WASHINGTON — St. Louis Federal Reserve Bank President James Bullard said Friday that if 2013 generates another 0.7 point improvement in the unemployment rate, the Fed can consider a "pause" in its direct purchase quantitative easing.
But economic performance, not dates, will determine Fed policy, he said in an interview on CNBC.
His remarks, from San Diego, come after the Federal Open Market Minutes published Thursday afternoon what the markets generally viewed as an unsettlingly premature discussion that included possibly ending quantitative easing as before the end of this year. Several members, the minutes said of the mid-December FOMC meeting, "thought that it would probably be appropriate to slow or to stop (QE) purchases well before the end of 2013."
"Why are we talking about dates?," Bullard asked. "The idea is to have state-contingent policy. This depends on the economy."
Bullard is an FOMC voter this year.
Instead, the discussion should be centered on whether "the economy performs well in 2013" and if so, "the Committee will be in position to think about going a pause with its balance sheet policy."
If the economy does not do well this year, he said, "then the balance-sheet policy will probably continue into 2014."
"That's the beauty of doing it this way instead of doing it by a fixed date," Bullard added. "And I think that that's a big advantage of this policy over the previous policy that we had. So I think the date thing is a little bit out of line."
He called the day's new jobs numbers "reasonably good" and "consistent with an economy that's growing at about 2%, maybe a little better. And hopefully we'll see some improvement on these numbers in 2013."
Since September's QE decision, he said of the unemployment rate, "I don't think there's been enough improvements" to consider altering policy. Meanwhile, the Fed this year is embarked on an even more accommodative policy by adding direct purchases of Treasury securities.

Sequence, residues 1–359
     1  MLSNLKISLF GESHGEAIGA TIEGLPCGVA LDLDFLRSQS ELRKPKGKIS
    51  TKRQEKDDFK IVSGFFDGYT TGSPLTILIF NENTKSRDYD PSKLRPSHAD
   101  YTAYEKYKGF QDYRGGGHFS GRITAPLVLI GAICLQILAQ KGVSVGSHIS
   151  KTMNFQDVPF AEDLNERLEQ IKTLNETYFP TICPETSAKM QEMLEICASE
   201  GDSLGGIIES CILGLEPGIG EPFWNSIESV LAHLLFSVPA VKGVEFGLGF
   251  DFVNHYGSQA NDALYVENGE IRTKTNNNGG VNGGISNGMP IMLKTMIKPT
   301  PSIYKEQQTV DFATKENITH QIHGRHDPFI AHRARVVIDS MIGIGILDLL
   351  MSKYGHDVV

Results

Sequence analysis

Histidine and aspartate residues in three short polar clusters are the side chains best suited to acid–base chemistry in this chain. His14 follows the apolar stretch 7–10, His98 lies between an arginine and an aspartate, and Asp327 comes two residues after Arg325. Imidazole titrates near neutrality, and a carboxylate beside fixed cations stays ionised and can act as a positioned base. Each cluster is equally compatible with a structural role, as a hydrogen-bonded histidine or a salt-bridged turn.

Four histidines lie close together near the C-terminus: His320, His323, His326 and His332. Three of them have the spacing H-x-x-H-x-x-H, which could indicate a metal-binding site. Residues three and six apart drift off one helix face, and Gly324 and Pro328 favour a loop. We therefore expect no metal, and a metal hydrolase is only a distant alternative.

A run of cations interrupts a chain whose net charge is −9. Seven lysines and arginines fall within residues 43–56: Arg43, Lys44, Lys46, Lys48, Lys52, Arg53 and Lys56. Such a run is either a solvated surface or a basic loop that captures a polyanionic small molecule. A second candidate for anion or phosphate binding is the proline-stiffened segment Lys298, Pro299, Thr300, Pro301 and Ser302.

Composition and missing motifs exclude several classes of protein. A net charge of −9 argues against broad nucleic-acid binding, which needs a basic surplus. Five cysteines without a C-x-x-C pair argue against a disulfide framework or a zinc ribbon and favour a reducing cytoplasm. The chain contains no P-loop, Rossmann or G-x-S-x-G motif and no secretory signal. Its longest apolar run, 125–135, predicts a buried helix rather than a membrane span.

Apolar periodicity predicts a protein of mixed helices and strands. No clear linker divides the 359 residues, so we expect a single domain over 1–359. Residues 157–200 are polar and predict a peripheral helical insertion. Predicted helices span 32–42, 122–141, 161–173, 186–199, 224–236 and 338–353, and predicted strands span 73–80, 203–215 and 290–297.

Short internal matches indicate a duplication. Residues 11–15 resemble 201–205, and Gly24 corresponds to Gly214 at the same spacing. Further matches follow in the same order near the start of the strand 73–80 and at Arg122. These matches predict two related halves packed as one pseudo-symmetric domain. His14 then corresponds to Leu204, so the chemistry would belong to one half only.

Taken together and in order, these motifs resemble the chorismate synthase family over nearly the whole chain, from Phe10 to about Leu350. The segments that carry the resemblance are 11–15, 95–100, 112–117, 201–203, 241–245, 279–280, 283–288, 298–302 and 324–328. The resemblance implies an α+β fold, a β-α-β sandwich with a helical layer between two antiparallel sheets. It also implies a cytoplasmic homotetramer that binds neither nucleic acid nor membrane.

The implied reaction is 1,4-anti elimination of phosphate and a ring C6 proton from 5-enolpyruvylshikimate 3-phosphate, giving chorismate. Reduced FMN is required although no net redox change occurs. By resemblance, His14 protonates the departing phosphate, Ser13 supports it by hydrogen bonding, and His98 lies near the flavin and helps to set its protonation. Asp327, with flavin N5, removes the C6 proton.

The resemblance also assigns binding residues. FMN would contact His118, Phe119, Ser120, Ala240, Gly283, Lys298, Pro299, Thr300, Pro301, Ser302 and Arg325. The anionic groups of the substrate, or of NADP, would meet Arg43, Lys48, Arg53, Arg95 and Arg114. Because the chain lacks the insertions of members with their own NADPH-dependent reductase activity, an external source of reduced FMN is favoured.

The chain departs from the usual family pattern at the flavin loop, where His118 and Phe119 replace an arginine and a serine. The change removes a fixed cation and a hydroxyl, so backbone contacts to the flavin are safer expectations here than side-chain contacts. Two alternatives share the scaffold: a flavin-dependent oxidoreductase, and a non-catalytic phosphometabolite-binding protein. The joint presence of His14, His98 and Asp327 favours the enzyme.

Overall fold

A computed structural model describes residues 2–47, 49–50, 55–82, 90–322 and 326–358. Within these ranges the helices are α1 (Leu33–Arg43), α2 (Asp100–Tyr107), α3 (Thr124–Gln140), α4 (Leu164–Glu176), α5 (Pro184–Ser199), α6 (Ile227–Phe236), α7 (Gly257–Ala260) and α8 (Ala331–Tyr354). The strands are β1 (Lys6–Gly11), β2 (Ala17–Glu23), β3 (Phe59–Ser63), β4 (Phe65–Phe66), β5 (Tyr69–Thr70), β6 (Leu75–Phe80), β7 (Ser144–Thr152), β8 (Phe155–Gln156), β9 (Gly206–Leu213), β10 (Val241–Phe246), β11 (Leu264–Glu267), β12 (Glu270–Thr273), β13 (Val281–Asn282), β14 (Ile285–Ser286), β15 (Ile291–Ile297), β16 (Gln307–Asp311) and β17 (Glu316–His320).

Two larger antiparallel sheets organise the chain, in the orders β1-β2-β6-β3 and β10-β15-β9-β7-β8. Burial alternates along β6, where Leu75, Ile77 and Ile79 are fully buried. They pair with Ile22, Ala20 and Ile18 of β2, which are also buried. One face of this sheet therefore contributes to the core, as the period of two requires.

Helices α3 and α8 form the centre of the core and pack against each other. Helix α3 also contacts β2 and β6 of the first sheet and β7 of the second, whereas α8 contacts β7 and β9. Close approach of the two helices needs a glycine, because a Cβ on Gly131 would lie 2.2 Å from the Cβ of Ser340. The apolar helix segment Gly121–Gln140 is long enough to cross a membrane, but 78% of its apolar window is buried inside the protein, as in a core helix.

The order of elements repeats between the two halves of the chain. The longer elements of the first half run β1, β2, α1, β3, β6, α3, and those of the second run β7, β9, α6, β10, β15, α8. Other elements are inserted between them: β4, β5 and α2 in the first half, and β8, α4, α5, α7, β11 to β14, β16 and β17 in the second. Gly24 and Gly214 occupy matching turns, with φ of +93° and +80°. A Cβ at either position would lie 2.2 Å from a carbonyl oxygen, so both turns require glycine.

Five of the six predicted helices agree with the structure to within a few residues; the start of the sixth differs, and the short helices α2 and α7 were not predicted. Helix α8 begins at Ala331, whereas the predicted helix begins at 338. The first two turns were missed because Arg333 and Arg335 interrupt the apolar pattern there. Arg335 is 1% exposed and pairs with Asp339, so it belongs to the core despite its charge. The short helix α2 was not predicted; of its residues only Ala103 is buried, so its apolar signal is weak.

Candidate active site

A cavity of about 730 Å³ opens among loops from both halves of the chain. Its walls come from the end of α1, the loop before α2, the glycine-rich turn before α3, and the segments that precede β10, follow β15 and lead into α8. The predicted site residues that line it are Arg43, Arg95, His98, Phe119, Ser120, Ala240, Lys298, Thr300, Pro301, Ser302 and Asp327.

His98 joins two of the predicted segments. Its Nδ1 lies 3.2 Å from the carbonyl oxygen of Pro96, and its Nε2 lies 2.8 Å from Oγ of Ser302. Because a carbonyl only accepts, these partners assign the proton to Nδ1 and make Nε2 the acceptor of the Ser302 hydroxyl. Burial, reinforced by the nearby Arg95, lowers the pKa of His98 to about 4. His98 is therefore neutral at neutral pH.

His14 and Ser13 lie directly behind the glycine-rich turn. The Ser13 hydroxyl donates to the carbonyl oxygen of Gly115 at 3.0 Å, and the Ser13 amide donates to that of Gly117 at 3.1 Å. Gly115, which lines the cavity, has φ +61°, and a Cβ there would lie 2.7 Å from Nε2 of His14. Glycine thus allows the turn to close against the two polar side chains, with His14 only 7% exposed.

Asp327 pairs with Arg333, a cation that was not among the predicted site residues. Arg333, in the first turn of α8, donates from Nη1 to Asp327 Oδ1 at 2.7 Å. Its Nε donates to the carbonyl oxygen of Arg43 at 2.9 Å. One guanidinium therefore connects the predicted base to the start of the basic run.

"I think the quantitative easing we're doing now — starting right about now — is more than we were doing with Operation Twist," he said. "I think outright purchases are probably more effective than the Twist program so I think it's a little bit easier policy in that sense."
Bullard said his outlook is for unemployment to "continue to tick down through 2013" at about the same pace as the last three years, at about 0.7 point a year.
"If we got that this year we'd be done at 7.1% by the end of the year, something like that. That would be probably substantial improvement and the committee could think about removing accommodation on the balance sheet side of the policy at that point."
Not everyone on the FOMC agrees, he said. "A lot of people are predicting unemployment's going to hang up there and so then we'll have to make a different judgment."
Nevertheless, "If you got down close to 7% then you're within a half a point of your 6.5% on the interest rate side and I think clearly the intention is to pull back balance-sheet policy sometime before you would start thinking about raising the rate," Bullard said.
The fiscal policy wrangling on Capitol Hill is about what the Fed expected he said and "so far has played according to script."
On the debt limit, which he called "a dangerous thing to fight over," the hope is for "a better and smoother resolution this time" than in 2011.
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